The offense would continue to improve, averaging 35.5 points per game during the 2017 season, ranking No. 19 nationally.

Offensive coordinator and quarterback coach Graham Harrell throws a football during a practice drill. Harrell earned a Super Bowl ring in 2010 with the Green Bay Packers prior to coming to UNT. Rachel Walters

So far in the 2018 season, the Mean Green offense is averaging 37.2 points per game, which ranks them No. 20 nationally. Looking at the current offense’s performance, a lot of players say they are not surprised to see those results.

“He’s an offensive guru, and he’s been with the best, so he knows a lot about the whole offense,” junior wide receiver Michael Lawrence said. “He comes up with plays every day that get us open, and he puts us in the best opportunities to make plays in the game. It’s just good to see we have a coach like that.”

In 2010 Harrell’s father was forced to retire from coaching due to multiple sclerosis, leading to what he said was the most challenging period in his life.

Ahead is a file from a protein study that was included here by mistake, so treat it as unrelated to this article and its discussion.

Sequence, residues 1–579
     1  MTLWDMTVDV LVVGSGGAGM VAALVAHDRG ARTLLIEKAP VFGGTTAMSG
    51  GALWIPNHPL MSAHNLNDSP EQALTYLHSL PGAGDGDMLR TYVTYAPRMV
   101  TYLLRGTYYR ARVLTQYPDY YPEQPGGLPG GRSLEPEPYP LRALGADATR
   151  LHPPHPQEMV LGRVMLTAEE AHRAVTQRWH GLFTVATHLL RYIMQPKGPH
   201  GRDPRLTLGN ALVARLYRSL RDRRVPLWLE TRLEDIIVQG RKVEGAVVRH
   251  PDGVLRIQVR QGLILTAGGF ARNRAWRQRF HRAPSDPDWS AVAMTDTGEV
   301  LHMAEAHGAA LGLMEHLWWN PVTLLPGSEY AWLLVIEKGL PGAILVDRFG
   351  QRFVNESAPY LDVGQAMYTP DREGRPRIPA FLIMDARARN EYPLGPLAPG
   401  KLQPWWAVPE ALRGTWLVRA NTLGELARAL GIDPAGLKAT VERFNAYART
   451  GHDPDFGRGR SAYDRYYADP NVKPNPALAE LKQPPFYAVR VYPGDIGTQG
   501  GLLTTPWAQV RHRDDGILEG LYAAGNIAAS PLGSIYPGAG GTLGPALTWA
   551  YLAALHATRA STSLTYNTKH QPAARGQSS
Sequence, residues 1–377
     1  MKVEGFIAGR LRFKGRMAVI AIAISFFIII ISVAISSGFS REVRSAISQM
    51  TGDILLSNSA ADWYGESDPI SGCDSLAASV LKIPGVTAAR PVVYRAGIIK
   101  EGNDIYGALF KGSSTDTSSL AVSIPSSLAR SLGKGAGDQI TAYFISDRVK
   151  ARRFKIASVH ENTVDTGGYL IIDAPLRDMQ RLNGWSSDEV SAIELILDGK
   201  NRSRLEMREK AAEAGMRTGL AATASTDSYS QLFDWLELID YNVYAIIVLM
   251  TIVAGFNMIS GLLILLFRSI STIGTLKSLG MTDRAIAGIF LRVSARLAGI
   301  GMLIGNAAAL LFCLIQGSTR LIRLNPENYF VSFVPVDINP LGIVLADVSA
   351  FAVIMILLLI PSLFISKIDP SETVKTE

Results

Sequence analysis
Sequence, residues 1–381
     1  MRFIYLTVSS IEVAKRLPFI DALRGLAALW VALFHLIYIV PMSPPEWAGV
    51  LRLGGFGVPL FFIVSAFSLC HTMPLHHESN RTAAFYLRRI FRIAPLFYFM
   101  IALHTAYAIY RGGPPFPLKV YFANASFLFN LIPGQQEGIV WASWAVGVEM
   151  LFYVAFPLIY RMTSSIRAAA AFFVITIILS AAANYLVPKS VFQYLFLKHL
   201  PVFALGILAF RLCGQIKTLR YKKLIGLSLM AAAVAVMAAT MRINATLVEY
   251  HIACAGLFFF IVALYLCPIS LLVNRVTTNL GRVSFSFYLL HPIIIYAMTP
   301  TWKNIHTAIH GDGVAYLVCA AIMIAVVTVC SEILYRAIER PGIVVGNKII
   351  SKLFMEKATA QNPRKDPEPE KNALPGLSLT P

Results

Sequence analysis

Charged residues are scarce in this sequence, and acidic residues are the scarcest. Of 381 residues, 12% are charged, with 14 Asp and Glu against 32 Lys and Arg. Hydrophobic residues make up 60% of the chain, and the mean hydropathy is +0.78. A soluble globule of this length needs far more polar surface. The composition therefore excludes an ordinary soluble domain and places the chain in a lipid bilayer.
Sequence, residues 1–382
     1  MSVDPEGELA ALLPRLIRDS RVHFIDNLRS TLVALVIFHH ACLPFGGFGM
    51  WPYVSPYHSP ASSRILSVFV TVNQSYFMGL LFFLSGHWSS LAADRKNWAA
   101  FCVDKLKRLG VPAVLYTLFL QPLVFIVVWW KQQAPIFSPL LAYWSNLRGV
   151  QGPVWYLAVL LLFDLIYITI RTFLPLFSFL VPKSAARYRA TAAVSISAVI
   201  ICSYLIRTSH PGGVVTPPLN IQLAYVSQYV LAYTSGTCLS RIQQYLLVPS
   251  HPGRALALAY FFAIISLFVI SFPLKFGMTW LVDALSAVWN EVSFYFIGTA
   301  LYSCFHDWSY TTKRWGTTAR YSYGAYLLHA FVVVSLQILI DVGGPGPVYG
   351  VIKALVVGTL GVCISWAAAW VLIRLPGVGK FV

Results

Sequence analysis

His father ended up showing great resiliency fighting back from it, and after two years of aggressive stem cell treatment, his father was back on the sideline coaching again. Seeing his father work through that struggle inspires Harrell to this day.

“To see the miracle the Lord performed and through the stem cell, it was probably one of the coolest things to see in my life,” Harrell said. “Seeing dad coach again is as cool as anything I’ve been a part of, so that’s been a huge part of my life, my story and really my whole family’s story.”

With everything he’s experienced in life, Harrell loves to talk about all of it with his players because he feels it gives him credibility as a coach.

“They ask about it all the time, and I got pictures in the office from different moments, and they bring out conversations,” Harrell said. “More than anything, it’s just fun to kind of reminisce.”

Featured Image: Offensive coordinator and quarterback coach Graham Harrell catches a football during a practice drill. Harrell earned a Super Bowl ring in 2010 with the Green Bay Packers. Rachel Walters

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Deondre Jones

Deondre Jones